Chapter 63: The Mission

There is a kind of dog, commonly used in army camps for guard duty, that will bite a man and not let go. Paul had heard the stories. Rough, rangy beasts, they’d clamp onto arm or leg or throat and hang on until all movement, all resistance ceased.

Berekiah, Paul suspected, was of that breed.

There were not many qualities Paul could admire in the man. But he did possess, in abundance, a characteristic Paul shared—dogged determination, a stubborn persistence. Now that he had Paul’s scent, it was only a matter of time before he bit. And once Berekiah had his teeth in him, Paul knew he’d never let go.

Sosthenes, in their wide-ranging discussions during his recovery, only confirmed what Paul’s instincts told him was true.


As his strength returned, Sosthenes began to walk the city again, doing the delicate work of making tentative connections with a few old friends and catching up on news of the synagogue. He quickly discovered three things, none of which gave Paul any comfort—Berekiah had, indeed, been appointed the new synagogue ruler; he was publicly denouncing Saul, refuting his teachings, and expelling anyone who had contact with the rebel group; and his stated mission was, above all, to make life in Corinth as difficult as possible, and as short as possible, for Saul of Tarsus and everyone connected to him.

The news of that weighed on Paul. He did not fear what Berekiah could do to him—he really had been tormented by better men. But he worried about his flock; about Crispus and Hester, Aquila and Prisca in particular. How far would Berekiah go? What would he do to those closest to Paul for the chance to wound Paul himself?

But it wasn’t just Berekiah that burdened Paul. It wasn’t just his fears for those in the church who might be caught and crushed in Berekiah’s jaws. He was also conscious of other burdens … had been for some time.

Paul was tired. He was tired in a bone-deep, spirit-sapping way. He’d kept up a brutal pace for a long time. Between work and the agora and Gaius’s house—the crises that demanded his attentions and the investments he needed to make in the future leaders of Corinth’s ekklesia—Paul was wearing out. He’d known he could not keep it up much longer. He’d known there would come a day of reckoning, when his body would sit down in the road like Balaam’s donkey and refuse to go on.

Increasingly, he found himself longing for the relief of getting away, for the rest he always found on sea voyages when he had no responsibilities except to stare at the water and watch coastlines slide by. He daydreamed about walking long roads alone, spending quiet nights with only a campfire for companionship.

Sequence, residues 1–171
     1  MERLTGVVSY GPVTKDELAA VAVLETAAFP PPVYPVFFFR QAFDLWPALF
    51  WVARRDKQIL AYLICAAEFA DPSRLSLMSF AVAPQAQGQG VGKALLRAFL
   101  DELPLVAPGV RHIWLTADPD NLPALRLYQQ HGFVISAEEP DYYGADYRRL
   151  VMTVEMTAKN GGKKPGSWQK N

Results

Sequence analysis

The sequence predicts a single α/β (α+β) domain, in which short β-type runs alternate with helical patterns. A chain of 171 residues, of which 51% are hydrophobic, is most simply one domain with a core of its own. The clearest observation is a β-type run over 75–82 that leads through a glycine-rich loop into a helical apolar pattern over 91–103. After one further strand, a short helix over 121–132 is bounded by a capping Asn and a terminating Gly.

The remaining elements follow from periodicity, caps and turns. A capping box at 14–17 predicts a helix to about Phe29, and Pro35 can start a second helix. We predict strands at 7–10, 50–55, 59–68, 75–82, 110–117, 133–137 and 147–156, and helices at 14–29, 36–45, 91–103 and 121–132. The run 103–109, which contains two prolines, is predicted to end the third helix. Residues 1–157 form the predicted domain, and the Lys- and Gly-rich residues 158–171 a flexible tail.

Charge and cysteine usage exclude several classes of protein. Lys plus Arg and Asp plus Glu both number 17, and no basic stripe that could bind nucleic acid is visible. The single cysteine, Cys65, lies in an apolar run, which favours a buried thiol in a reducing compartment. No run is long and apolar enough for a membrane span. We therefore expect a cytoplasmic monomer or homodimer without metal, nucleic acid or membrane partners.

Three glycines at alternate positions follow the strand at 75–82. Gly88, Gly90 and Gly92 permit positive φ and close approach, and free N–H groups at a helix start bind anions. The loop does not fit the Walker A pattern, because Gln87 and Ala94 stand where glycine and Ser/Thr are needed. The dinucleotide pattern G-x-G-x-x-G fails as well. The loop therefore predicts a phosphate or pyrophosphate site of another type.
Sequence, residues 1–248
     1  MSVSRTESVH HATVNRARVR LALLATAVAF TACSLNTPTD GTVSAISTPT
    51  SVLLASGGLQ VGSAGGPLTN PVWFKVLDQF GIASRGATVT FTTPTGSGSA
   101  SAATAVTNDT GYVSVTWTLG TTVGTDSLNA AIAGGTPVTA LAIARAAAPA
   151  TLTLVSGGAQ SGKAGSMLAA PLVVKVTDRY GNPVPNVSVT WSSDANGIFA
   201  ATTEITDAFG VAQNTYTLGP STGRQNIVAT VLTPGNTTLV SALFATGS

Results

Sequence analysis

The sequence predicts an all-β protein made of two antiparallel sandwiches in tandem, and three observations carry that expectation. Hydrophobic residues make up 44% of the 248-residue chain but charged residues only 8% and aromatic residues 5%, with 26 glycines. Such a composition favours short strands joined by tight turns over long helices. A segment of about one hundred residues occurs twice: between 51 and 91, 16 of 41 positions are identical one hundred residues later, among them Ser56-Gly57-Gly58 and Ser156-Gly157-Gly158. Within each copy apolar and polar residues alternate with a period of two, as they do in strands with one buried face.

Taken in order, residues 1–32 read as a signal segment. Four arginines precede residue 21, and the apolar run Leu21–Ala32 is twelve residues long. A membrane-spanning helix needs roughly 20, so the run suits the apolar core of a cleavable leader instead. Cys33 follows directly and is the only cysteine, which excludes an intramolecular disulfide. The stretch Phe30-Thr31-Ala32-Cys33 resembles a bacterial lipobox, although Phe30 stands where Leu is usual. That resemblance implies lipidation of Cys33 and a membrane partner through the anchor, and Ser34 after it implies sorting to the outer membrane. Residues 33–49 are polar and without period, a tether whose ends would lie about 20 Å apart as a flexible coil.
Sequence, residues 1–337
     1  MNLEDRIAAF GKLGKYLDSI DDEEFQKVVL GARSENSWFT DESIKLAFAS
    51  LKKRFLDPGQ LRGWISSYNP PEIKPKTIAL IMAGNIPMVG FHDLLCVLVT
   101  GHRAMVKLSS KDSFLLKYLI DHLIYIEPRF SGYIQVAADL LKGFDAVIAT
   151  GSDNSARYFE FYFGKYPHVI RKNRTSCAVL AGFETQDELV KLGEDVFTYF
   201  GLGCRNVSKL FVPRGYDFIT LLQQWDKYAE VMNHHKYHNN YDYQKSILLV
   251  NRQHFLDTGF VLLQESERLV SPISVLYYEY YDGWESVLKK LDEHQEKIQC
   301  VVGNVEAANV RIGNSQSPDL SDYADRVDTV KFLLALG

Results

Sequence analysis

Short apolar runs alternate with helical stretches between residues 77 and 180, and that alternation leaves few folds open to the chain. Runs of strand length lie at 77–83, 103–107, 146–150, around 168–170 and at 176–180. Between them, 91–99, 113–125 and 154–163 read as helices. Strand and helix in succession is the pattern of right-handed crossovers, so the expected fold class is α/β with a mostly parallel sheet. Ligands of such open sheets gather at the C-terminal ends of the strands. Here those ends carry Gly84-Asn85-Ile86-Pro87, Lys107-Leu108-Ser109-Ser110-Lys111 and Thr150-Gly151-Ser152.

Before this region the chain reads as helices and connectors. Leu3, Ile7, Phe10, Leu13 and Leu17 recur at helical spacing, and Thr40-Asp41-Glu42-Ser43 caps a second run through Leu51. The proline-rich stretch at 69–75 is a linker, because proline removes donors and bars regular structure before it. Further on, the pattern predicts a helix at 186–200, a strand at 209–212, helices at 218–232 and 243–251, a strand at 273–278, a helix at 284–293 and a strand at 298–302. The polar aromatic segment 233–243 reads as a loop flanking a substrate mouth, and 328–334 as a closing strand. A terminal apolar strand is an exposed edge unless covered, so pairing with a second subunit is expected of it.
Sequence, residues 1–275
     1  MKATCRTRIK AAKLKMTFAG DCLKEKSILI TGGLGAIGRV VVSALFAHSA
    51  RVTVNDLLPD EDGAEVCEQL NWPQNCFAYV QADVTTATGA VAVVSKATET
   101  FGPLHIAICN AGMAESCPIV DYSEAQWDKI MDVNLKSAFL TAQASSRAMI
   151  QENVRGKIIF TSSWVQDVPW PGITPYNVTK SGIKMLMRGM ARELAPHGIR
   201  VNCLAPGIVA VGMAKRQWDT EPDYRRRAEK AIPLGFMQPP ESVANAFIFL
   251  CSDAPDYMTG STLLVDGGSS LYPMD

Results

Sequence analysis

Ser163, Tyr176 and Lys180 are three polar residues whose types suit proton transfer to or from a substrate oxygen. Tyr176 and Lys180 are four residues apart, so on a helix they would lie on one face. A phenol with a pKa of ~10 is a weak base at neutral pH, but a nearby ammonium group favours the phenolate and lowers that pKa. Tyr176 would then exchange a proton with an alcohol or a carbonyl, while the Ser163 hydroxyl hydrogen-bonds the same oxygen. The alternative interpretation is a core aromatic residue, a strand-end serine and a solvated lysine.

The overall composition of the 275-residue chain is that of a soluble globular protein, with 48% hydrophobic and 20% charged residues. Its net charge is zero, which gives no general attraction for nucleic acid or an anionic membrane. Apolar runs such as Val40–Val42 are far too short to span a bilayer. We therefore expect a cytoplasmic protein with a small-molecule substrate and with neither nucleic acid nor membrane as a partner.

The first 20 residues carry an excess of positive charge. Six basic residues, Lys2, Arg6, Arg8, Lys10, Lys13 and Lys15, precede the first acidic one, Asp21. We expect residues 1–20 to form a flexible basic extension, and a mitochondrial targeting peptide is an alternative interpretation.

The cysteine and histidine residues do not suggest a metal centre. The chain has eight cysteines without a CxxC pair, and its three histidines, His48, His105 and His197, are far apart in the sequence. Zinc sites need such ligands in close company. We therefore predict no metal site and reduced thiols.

But most of all, Paul felt the burden of God’s hand upon him, tugging at him, pulling him away from Corinth towards distant shores. As the weeks passed, as August grew hotter and hotter, his thoughts were drawn towards the horizon, to other churches, to other places and people. Near the end, he could think of little else.

A year and a half was a long tenure for the Apostle. That was part of it. He’d never spent that much time in one place before—not since the Damascus Road. But he’d been that long in Corinth. A year and a half without word from Jerusalem or Antioch or the churches of Asia Province. A year and a half in Corinth when so many great cities, so many people, went without the gospel.

But it was more than that. It was the burden of his calling. He was God’s Apostle, a man “sent out,” a man with a mission. God had not called Paul to stay. He’d called him to go. And the echo of that call haunted Paul’s days and disturbed his nights. It pressed on him with a constancy he could not ignore. It made his back itch.

Others saw these things in him—the worry, the fatigue, the preoccupation. Hester read the signs and suspected Paul’s time in Corinth was running short. Stephanas saw the symptoms and feared that only a change of scenery could cure Paul’s ills.

It worried them all. They talked about it constantly behind his back.



By the time he stood to speak, it was late. As usual, there had been singing and Scripture, confession and prophecy, a word of wisdom couched in a tongue. It was a pattern they’d fallen into and one, he knew, that would serve them well when he left.

The Spirit, as so often before, was strong in their assembly. Everyone was aware of his presence. Had the Spirit been water, they would all be dripping.

That’s good, Paul thought. It’s what they need.

He looked around the group, at each person in the room. He’d given this sermon a great deal of thought, spending more time than usual in prayer about it. The cross had been his theme for so long. But tonight, he needed to speak of something else. He wanted to give them something, a way forward, that might guide them in his absence. He felt the need to throw a rope to people who would soon be adrift.

“One of the great privileges of living in these last days is the reality of the Spirit of God. The Spirit with us, for us, and in us. Tonight, we’ve experienced the Spirit’s gifts. We’ve tasted his presence.” Every eye was on him, more than usual, as if they all anticipated a special significance to his words this evening.

“It’s thrilling, isn’t it?” He saw heads nodding and smiles of agreement. “I’m glad for the Spirit tonight, brothers and sisters. I hope you drink deeply of him all the days of your life.” He paused. “But I want more for you than the Spirit’s gifts. I want you to become spiritual people.”

He could tell by their faces they did not understand the distinction.

“You can have a spiritual gift and not be a spiritual person—just as you can wear fine clothing and not be a prince or laugh but not feel joy. You might speak in tongues. But that doesn’t mean you’re spiritual. You might heal the sick or work wonders. But that—in itself—doesn’t prove anything about who you are.” He paused for a moment and studied his listeners. They were struggling with it, he could see.

“The Spirit works through us, with the gifts. But the Spirit also works in us. And it is the work inside that really determines whether we’re becoming spiritual people. If you’re not careful,” he looked at Gaius, “you’ll focus on outward things and miss the inner work. You’ll think that spiritual power is in the miracles when, in fact, it’s in the transformation.